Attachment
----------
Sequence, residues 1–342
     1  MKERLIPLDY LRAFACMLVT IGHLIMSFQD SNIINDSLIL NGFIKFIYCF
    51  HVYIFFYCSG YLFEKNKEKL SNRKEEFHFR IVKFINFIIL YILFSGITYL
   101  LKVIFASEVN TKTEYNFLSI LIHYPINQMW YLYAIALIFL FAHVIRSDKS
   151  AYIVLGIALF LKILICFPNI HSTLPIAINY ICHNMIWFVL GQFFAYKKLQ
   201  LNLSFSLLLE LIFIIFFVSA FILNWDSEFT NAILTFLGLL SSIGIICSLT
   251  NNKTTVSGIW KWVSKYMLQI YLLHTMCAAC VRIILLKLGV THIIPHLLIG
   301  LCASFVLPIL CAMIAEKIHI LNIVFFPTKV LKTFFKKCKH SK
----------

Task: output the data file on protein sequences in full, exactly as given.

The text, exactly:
Sequence, residues 1–342
     1  MKERLIPLDY LRAFACMLVT IGHLIMSFQD SNIINDSLIL NGFIKFIYCF
    51  HVYIFFYCSG YLFEKNKEKL SNRKEEFHFR IVKFINFIIL YILFSGITYL
   101  LKVIFASEVN TKTEYNFLSI LIHYPINQMW YLYAIALIFL FAHVIRSDKS
   151  AYIVLGIALF LKILICFPNI HSTLPIAINY ICHNMIWFVL GQFFAYKKLQ
   201  LNLSFSLLLE LIFIIFFVSA FILNWDSEFT NAILTFLGLL SSIGIICSLT
   251  NNKTTVSGIW KWVSKYMLQI YLLHTMCAAC VRIILLKLGV THIIPHLLIG
   301  LCASFVLPIL CAMIAEKIHI LNIVFFPTKV LKTFFKKCKH SK